Monday, March 09, 2009

Gospel-less, really?

Now really...I don't go looking for this stuff. I'm actually a little bit bummed out that I found it.

The internet gives a voice to anyone, and occasionally I come across these "Christian" web pages that are devoted to telling its audiences why every popular Christian leader is somehow a false leader.

James Choung, a graduate of MIT, and now a divisional director for Intervaristy, has popularized a diagram for evangelism called, "the four circles." Here it is, read below for one website's critique:

So what's your response to the diagram?

The authors of "a little leaven" wrote:

Not too long ago Christians used the "4 Spiritual Laws" to explain the Christian faith. Today we now have an Emergent influenced witnessing tool that utilizes 4 circles to try to explain the Christian faith (this 4 circles presentation is all the rage among college students). The big problem with this new tool is that it completely misses the point about Biblical Christianity and sinful man's need for a savior and Christ's death on the cross for the sins of the world. Instead, this is some squishy eco-friendly Jesus presentation where you can choose to make Jesus the leader of your life so that He can work through you to bring healing and restoration to the world.

And one of their readers surprisingly wrote:
All I could do was yell WHAT???...WHAT???...WHAT??? at the screen. Excuse me, I have to go pick my chin off the floor.

Did this diagram really miss the point about sinful man's need for a savior? Is a diagram meant to exhaust the entire conversation about a relationship with Jesus?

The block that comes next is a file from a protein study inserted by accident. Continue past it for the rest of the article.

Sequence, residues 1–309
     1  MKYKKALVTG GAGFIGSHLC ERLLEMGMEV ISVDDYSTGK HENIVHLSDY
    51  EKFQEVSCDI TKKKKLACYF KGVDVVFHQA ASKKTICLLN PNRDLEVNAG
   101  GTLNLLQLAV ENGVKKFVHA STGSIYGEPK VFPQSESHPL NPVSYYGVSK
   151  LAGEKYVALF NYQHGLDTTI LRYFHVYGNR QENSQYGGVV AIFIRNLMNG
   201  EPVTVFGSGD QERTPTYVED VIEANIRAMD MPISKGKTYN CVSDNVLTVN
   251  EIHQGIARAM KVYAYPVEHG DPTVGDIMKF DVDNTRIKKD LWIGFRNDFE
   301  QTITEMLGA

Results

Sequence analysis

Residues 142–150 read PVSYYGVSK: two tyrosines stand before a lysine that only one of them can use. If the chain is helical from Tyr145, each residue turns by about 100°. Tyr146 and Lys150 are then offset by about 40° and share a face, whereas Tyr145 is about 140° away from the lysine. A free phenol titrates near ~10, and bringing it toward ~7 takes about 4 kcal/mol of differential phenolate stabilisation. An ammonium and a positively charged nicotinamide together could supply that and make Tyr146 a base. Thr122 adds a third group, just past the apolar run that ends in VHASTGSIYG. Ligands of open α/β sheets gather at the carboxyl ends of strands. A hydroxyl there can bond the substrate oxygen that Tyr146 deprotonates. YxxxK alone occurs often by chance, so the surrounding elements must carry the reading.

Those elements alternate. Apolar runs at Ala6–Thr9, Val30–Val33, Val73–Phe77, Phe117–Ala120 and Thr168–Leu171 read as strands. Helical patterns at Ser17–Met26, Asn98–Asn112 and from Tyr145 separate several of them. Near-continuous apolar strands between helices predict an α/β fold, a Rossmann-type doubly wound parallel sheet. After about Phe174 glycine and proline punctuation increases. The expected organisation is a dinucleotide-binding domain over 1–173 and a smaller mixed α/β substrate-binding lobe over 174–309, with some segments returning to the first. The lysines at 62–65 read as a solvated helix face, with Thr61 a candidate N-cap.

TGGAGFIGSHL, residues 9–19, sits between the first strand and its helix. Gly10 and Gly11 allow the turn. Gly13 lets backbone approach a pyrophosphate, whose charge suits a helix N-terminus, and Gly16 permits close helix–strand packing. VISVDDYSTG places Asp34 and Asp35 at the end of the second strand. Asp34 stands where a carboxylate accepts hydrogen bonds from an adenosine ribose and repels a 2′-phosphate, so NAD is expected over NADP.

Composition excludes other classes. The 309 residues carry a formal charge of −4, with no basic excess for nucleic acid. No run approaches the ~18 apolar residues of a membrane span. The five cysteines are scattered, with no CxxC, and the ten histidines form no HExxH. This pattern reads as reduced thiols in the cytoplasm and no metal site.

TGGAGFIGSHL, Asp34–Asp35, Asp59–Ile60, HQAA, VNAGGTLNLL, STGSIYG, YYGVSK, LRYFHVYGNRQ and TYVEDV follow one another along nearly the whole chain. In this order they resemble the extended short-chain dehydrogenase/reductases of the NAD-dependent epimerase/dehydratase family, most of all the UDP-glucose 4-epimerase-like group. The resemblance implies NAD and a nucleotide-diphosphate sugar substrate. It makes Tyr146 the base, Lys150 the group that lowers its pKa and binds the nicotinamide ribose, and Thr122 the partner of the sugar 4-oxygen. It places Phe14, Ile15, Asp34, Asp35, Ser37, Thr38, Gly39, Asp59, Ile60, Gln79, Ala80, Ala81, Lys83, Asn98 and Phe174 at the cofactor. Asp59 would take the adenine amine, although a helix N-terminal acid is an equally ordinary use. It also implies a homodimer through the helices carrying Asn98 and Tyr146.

Which diagram, if any, would Jesus have been able to recognize?

Regarding the four spiritual laws, James Choung writes:
Well, what was missing from the diagrams I had learned was anything substantial about one of the most important themes in Jesus' own preaching: the kingdom of God. I was reading a lot about the kingdom of God, in the Bible and in recent scholarship, but when it came to sharing the core message of the faith, I'd always fall back on an evangelistic diagram that didn't include it. And it dawned on me: Even though there are tons of books out there about the kingdom of God, very few people will be able to share it with their friends unless they are given some tool or aid—some icon—that will help them remember the key points. So even though I'm not a fan of canned presentations, I felt that creating a diagram was essential to help us understand a bigger picture of the gospel that Jesus taught.

You can find an interview by Andy Crouch with James Choung here,
and the Christianity Today article, "From Four Laws to Four Circles" here.